Q: Hi Jill. I’m a fan. I got my annual performance review, and my manager, instead of utilizing what my immediate boss said, took a few minor incidents from my six-month review and slapped them on my annual review. As a result I didn’t qualify for a raise! Is a company legally bound to give you a raise based on the cost of living? This “needs improvement” rating is from a manager who’s worked with me for all of 10 hours. I talked to my immediate boss and she’ll talk to my manager but she’s asked me to find out if I’m owed a raise based on the cost-of-living angle.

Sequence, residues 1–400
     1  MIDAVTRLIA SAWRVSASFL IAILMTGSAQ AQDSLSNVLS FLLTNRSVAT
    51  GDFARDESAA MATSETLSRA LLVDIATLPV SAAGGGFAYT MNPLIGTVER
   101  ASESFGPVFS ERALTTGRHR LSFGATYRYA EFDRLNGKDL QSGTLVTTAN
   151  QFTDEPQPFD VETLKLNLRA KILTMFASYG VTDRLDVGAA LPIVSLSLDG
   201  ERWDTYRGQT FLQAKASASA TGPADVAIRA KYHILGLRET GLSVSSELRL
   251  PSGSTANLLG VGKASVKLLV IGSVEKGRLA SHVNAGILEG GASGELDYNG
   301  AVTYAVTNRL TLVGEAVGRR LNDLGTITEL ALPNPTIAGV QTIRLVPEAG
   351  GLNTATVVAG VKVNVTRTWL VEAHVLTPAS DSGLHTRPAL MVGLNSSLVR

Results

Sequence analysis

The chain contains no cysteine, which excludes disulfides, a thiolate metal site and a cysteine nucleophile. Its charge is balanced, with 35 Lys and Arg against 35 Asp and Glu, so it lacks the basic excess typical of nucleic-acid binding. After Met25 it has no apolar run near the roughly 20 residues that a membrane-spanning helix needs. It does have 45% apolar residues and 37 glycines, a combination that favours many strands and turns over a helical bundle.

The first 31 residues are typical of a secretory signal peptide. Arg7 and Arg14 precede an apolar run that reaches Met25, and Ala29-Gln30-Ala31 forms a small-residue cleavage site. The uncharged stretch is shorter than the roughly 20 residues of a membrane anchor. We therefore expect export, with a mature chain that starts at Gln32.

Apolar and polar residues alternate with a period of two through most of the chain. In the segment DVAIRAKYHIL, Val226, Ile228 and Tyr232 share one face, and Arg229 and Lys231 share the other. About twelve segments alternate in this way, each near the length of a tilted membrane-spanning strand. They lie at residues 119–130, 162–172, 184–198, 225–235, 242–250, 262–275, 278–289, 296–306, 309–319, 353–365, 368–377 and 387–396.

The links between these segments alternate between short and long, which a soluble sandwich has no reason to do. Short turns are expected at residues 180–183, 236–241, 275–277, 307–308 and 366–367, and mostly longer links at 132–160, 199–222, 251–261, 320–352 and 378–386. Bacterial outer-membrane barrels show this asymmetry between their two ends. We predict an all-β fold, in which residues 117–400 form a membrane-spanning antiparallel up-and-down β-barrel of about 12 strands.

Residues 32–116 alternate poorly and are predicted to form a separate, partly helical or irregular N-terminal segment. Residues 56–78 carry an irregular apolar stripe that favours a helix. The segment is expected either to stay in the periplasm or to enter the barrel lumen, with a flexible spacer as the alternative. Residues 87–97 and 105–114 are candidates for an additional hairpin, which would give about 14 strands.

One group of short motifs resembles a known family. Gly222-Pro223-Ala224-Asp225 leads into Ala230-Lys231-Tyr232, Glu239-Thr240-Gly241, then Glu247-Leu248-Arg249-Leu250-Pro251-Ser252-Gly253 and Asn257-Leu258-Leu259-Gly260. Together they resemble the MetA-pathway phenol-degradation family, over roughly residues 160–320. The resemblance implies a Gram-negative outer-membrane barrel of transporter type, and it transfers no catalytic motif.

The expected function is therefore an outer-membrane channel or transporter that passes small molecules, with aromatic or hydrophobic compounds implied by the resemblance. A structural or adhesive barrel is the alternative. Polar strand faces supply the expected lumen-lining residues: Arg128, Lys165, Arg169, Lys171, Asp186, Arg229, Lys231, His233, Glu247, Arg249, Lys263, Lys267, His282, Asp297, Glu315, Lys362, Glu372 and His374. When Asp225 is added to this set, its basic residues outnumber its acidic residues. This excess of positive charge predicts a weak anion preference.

A: I’m very happy to deduce your immediate boss is as shocked as you are. I like the idea of her speaking with the manager. Just make sure you’re present at these meetings (and, if applicable, that a union rep is there). I strongly believe in recording every accomplishment at work, but also every challenge — especially regarding an issue you and your boss don’t agree on. As far as the cost-of-living angle, if you consider Ontario’s recent minimum wage “hike” to eight big bucks, well, it’s sadly pretty clear how much weight the argument carries. (Statistics Canada says someone working a 40-hour week at this new minimum would still be 20 per cent below Ontario’s cost of living.) If no raise is offered you may want to ask for a specific time line when you can revisit your raise request pending the completion of whatever terms you all negotiate. Also see www.labour.gov.on.ca, www.olrb.gov.on.caand www.labour.gov.on.ca/pec/index_pec.html. Good luck!



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